Get the latest Education e-news
 
  • Types of Game Designers

    [01.17.08]
    - Brenda Brathwaite
  •  When I got into the industry way back in the 1980s, there was one type of game designer in our industry. We called him "programmer." He (or she in the case of the rare few like Dona Bailey) was often a one-man show responsible for design, programming, sound, and art all in one. I worked with one of these individuals right on up until 1988, in fact. Eventually, games grew larger, and with the increased size came a specialization of tasks. Teams formed, and we had artists, programmers, designers and even a sound person. Eventually producers came along to network and schedule the increasingly growing teams.

    In the last ten years, but more so in the last five, we've seen greater specialization within the fields themselves so that now, and at least in my field, the term "game designer" sounds general. It's a perfectly okay term to use on indie game projects, but when you're talking about a big Xbox 360 production, saying, "I'm the game designer", is likely to result in a follow up, "Yeah, but what exactly did you design?"

    We've got roles now. I've listed them below as I've experienced them. Bear in mind that there's no such thing as OSHA requirements for design gigs, so what I experienced in these various roles will likely gust in one direction or another depending on the company. As usual, there are few absolutes in the game industry.

    Lead Designer
    Lead designers are responsible for managing a team of designers and making sure that the game's overall vision is achieved. As a lead, you will put out fires, do what needs to be done, maintain a good attitude and teach those working with you the ropes. By yourself or with the help of others, you will establish the game's core and define its feature set (or it may be defined for you by publisher mandate). You may decide how the project is documented, determine the basic systems and create the overall story arc, or you might assign these to another designer on the team. You review what they did and make sure it integrates into the bigger picture. At some point or another, you may take on one (or two or three) of the roles listed below. You also need to develop an eye that can analyze and critique work, your own along with everyone else's.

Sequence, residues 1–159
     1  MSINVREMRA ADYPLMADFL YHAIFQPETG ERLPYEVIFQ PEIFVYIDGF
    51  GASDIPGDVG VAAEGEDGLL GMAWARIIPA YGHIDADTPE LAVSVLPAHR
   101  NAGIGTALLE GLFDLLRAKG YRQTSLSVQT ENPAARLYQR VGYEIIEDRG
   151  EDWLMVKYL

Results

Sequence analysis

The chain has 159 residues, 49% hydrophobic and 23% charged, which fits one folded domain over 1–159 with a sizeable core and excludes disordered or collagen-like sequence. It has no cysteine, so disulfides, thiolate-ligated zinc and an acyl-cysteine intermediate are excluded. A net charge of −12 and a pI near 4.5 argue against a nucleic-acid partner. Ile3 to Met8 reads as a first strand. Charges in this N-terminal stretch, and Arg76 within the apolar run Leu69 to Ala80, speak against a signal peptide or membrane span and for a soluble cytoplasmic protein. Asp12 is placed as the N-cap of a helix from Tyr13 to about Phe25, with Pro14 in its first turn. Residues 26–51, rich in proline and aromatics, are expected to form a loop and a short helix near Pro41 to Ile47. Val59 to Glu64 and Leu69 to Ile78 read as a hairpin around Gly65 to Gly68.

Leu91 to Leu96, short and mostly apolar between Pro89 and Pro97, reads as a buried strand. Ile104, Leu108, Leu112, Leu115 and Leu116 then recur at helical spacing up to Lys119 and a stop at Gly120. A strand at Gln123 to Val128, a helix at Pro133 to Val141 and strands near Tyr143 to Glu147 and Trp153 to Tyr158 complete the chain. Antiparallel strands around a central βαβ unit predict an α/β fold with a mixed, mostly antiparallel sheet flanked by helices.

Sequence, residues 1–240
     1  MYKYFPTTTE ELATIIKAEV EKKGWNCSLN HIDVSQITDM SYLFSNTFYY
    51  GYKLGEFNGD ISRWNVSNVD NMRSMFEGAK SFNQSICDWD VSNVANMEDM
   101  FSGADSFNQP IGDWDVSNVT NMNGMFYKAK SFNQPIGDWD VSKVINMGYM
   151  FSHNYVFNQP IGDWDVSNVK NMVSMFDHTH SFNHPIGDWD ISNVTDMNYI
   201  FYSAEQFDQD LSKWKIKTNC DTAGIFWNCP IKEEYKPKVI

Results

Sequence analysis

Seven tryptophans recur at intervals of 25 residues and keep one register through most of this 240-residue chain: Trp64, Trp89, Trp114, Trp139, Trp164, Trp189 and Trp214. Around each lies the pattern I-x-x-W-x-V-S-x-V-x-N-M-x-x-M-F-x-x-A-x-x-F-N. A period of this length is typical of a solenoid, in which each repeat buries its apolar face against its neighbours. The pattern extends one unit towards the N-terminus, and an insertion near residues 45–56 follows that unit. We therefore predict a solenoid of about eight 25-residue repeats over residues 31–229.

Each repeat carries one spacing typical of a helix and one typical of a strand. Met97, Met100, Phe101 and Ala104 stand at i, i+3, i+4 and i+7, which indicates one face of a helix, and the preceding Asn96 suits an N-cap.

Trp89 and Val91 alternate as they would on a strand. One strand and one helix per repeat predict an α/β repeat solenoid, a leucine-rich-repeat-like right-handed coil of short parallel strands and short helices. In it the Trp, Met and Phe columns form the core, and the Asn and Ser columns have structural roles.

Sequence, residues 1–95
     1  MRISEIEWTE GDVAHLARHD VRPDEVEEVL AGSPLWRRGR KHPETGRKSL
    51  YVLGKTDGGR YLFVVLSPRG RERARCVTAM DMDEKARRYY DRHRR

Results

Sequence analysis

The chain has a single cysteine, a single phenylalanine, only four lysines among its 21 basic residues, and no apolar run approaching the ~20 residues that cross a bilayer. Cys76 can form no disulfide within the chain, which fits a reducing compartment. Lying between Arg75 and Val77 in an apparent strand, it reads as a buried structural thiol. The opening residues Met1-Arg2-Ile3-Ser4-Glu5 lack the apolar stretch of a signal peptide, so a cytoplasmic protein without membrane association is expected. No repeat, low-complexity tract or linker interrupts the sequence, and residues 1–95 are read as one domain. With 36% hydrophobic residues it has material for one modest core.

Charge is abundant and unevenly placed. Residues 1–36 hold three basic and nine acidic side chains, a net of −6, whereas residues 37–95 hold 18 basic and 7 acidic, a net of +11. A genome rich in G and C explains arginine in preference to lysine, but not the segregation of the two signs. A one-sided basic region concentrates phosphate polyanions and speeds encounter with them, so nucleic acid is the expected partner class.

You will work a great deal with the art and programming leads to make sure the feature that you're hoping for is feasible technically and artistically. You'll hear "no" a lot. As a note, teams go much smoother when the leads are a tight group. If there is lead warfare, it's painful for all involved. Fortunately for me, I've only experienced this once a long, long time ago. The producer squashed the art lead before it reached a dramatic point, and all was well.

    New leads or those hoping to be lead someday may confuse the term "lead" with "dictator" or "visionary." It is neither. A good lead knows when to get out of the way and encourages others to help shape the game. Good games are rarely the "vision" of a single individual, but rather a collective whole. I once heard a quote which I will paraphrase (badly) here: the job of a lead is to encourage people smarter than they are to do their jobs well.

    Level Designer
    Level designers are probably the best known of all game designers, and it's their job to create the level-by-level play in a game. If you've ever jumped when a monster nailed you coming around a corner, discovered a particularly advantageous place to shoot from, or felt tension coming out of an in-game elevator, know that somewhere, there's a level designer who planned that experience for you. Level designers generally place the creatures, items, props (boxes or crates or whatever) within the level, or they may have junior level designers who do it. Level designers are usually artists and programmers-of-a-sort as well, and may create many of the assets needed to finish the level and do all the necessary scripting to make things go exactly as they desire them to.

    Within the level design field, there are different specialties as well. FPS level design is different than RPG or MMO level design, for instance, and each type requires an in-depth knowledge of the standard play mechanics and level flow within those games. I've worked on RPG level design my whole career.

Comments

comments powered by Disqus